The news archive provides access to past news stories from Communications of the ACM and other sources by date.
Sauntering toward you like a mechanized zombie is the Army’s newest recruit: a robot with a blinking red light where its head should be.
Harvard University researchers have developed HemoVis, a method for visualizing human arteries that, in clinical testing, increased diagnostic accuracy from 39 percent to 91 percent.
Researchers at Columbia University and the City University of New York are developing computational methods to detect deception in English, Mandarin Chinese, and Arabic speakers.
The U.S. Defense Advanced Research Projects Agency announced the $50,000 Shredder Challenge, which asks participants to devise new methods or techniques for piecing together a series of shredded documents.
Lawrence Livermore National Laboratory researchers and international collaborators have developed the Cloud-Feedback-Model Intercomparison Project Observation Simulator Package, which will enable scientists to better represent…
Cornell University professor Juan Hinestroza was part of an international team that recently developed transistors using natural cotton fibers.
NASA hopes the James Webb Space Telescope, which can detect ancient light that its predecessors can’t, will reveal more information about the origins of the universe than the Hubble Space Telescope currently can.
Internet giants like Google and Twitter have had to beat a retreat from China after being blocked or restricted, and now, some tech lobbies are stepping up pressure on Congress and the White House to do more. They say companies…
China has made its first supercomputer based on Chinese microprocessor chips, an advance that surprised high-performance computing specialists in the United States.
How five friends engineered a small circuit board that’s taking the DIY world by storm.
One of the questions I wrestled with when writing about Steve Jobs was how smart he was. On the surface, this should not have been much of an issue.
Kevin Mitnick was hacking when the LulzSec kids were still in training pants.
Supercomputers can store more information than the human brain and can calculate a single equation faster, but even the biggest, fastest supercomputers in the world cannot match the overall processing power of the brain. Andas…
A consortium providing the technology for a large-scale smart grid project says the software is nearly complete.
Battelle researchers at the U.S. Pacific Northwest National Laboratory have developed Anomalator, analytical software designed to recognize anomalous information that can help regulators, investors, and advisers better manage…
Women who start college aiming to become engineers are more likely than men to change their major and choose another career because they lack confidence, according to a recent American Sociological Review paper.
Edmund Seto, a researcher at the University of California, Davis, develops censor and cell phone technologies to connect people to relevant, real-time data about themselves and their environments.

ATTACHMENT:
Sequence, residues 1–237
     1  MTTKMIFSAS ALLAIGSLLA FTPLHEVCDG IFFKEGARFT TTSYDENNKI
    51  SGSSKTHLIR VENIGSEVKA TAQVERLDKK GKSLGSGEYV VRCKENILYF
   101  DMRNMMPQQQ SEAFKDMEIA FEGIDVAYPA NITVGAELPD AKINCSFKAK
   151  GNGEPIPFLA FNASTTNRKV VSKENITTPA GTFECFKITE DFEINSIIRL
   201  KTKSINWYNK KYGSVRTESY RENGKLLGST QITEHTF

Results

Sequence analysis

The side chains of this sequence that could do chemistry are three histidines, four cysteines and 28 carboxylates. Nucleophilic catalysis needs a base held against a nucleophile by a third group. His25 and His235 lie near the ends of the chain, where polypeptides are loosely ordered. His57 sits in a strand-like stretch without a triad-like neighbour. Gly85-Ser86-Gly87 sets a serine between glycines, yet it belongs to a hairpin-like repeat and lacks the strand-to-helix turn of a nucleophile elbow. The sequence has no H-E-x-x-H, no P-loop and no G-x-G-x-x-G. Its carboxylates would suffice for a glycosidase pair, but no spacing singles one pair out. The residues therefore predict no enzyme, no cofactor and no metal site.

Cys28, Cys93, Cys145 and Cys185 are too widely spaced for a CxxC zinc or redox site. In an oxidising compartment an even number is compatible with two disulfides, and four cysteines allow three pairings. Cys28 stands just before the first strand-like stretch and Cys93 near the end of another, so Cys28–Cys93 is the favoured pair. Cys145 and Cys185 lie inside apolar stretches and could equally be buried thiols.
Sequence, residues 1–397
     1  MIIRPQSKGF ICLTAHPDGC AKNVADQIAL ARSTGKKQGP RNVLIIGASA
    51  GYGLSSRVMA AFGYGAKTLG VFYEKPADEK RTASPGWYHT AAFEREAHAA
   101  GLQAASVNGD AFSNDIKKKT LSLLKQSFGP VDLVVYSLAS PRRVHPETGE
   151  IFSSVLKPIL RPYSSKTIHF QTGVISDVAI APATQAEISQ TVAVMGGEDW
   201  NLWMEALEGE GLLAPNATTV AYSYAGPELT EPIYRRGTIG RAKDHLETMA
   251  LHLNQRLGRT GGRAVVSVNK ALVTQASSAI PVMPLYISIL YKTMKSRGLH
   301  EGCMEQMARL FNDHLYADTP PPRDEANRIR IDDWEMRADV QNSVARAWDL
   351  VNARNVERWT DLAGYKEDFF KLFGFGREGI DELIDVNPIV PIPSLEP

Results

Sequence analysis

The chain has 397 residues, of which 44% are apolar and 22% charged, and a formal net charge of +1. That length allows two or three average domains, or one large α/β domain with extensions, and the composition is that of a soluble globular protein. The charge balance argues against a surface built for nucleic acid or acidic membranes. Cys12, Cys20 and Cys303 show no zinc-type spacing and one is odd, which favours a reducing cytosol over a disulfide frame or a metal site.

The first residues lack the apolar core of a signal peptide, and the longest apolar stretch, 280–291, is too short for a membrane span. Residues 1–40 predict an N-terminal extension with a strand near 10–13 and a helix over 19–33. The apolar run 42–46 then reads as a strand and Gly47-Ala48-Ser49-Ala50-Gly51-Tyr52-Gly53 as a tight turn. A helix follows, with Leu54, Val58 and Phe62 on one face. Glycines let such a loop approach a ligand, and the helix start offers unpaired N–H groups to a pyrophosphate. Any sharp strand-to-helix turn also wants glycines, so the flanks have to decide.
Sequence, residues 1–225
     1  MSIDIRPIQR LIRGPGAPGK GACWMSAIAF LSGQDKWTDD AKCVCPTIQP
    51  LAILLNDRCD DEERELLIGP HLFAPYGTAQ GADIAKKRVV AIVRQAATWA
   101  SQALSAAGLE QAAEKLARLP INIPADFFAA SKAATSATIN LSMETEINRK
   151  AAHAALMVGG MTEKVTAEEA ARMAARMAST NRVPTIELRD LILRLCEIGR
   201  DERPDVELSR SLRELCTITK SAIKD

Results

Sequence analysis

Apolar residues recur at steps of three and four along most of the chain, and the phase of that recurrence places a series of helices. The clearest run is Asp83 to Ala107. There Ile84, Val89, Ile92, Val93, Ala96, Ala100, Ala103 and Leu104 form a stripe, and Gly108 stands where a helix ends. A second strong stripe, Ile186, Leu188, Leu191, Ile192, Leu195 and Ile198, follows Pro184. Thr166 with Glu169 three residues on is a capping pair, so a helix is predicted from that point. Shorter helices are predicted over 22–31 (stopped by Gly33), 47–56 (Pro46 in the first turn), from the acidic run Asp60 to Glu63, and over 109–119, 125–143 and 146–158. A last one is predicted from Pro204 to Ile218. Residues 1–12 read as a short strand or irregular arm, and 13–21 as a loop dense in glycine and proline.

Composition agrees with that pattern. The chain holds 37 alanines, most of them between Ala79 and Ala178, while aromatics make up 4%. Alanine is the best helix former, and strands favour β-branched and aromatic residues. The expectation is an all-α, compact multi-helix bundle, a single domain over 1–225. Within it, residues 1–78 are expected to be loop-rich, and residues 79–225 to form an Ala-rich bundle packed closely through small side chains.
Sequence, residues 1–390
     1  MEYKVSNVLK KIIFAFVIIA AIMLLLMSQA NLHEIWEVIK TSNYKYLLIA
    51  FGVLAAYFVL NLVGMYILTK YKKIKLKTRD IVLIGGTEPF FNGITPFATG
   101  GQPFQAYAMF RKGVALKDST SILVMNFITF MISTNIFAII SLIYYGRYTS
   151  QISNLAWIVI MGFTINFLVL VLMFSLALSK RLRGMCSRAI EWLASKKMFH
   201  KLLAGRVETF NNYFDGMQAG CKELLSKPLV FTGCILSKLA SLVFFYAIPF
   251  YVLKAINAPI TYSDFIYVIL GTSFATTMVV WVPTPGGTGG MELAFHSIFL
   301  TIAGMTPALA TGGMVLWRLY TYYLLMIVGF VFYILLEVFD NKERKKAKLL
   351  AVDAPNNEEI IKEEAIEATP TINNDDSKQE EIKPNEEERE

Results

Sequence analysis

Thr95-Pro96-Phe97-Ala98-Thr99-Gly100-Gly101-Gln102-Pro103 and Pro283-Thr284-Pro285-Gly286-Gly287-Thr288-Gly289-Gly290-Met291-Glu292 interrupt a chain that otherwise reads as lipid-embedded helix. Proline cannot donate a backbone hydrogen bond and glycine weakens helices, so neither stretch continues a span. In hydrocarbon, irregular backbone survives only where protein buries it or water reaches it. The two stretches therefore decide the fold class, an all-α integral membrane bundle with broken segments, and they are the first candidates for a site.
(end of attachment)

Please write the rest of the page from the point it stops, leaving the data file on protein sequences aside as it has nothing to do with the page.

Ruhr-University Bochum researchers have demonstrated a technique for breaking the encryption used to secure data in online transactions, posing a serious threat on all currently used implementations of XML encryption.
Forget relying solely on touch to control your Apple device. On future iPads, you may be able to control your tablet from across the room using 3D gestures, such as a swirl or swipe of the hand.
The U.S. Court of Appeals for the Ninth Circuit has agreed to reconsider a 2-1 ruling issued in April that critics said made it a crime to violate an employer's computer access policy.
Say what you will about Microsoft's execution in developing cool products and services consumers want, where rivals such as Apple and Google have stolen a beat or three on the software giant. One thing Microsoft doesn't lack…
From his 24th-floor corner office in midtown Manhattan, the veteran CBS research chief David Poltrack can gaze southward down the Avenue of the Americas, its sidewalks teeming.
There are few things in this world I despise more than software updates. Downloading hundreds of files, waiting for the progress bar to fill, restarting the device—it’s all a thankless chore. Usually.
NASA scientists will be tracking asteroid 2005 YU55 with antennas of the agency's Deep Space Network at Goldstone, Calif., as the space rock safely flies past Earth slightly closer than the moon's orbit on Nov. 8. Scientists…
Transistors have been combined with memory in a printed electronic device that offers an affordable way to read, write, and process small amounts of data by Palo Alto Research Center (PARC) and Thinfilm Electronics.
Norwegian University of Science and Technology researcher Vadim Makarov has developed a quantum cryptography method to defend against attacks of quantum key distribution systems.
The email went to Eric14. His real name is Eric Baldeschwieler, but no one calls him that. At fourteen letters, Baldeschwieler is a mouthful, and he works in a world where a name takes a backseat to an online handle.
The U.S. Cyber Consequences Unit, a nonprofit group that helps the U.S. government identify vulnerabilities for cyberattacks, has replicated the recent attack that sabotaged centrifuges used in Iran's nuclear program.
Columbia University professor Steven Bellovin says in an interview that he is working on the idea of private search, which allows users to work together, but not know what each person is specifically searching for.
A century ago, psychologists identified "the uncanny" as an experience that seems familiar yet foreign at the same time, causing some sort of brain confusion and, ultimately, a feeling of fear or repulsion. Originally no more…